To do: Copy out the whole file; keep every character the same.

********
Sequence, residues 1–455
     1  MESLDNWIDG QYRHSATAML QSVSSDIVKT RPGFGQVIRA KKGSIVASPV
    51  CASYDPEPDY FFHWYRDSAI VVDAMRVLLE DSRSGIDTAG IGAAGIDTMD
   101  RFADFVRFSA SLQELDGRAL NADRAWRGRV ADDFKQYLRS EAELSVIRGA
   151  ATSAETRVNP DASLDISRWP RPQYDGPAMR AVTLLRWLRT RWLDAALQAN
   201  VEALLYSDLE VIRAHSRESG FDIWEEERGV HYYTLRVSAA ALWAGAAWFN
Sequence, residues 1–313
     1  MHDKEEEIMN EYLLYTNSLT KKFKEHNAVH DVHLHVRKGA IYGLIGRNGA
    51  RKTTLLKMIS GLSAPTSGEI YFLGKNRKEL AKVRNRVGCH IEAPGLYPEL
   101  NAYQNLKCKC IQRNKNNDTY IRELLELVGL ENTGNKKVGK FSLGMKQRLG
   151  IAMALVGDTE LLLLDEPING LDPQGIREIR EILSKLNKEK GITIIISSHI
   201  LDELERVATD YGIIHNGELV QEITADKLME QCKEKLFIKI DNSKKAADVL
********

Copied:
Sequence, residues 1–455
     1  MESLDNWIDG QYRHSATAML QSVSSDIVKT RPGFGQVIRA KKGSIVASPV
    51  CASYDPEPDY FFHWYRDSAI VVDAMRVLLE DSRSGIDTAG IGAAGIDTMD
   101  RFADFVRFSA SLQELDGRAL NADRAWRGRV ADDFKQYLRS EAELSVIRGA
   151  ATSAETRVNP DASLDISRWP RPQYDGPAMR AVTLLRWLRT RWLDAALQAN
   201  VEALLYSDLE VIRAHSRESG FDIWEEERGV HYYTLRVSAA ALWAGAAWFN
Sequence, residues 1–313
     1  MHDKEEEIMN EYLLYTNSLT KKFKEHNAVH DVHLHVRKGA IYGLIGRNGA
    51  RKTTLLKMIS GLSAPTSGEI YFLGKNRKEL AKVRNRVGCH IEAPGLYPEL
   101  NAYQNLKCKC IQRNKNNDTY IRELLELVGL ENTGNKKVGK FSLGMKQRLG
   151  IAMALVGDTE LLLLDEPING LDPQGIREIR EILSKLNKEK GITIIISSHI
   201  LDELERVATD YGIIHNGELV QEITADKLME QCKEKLFIKI DNSKKAADVL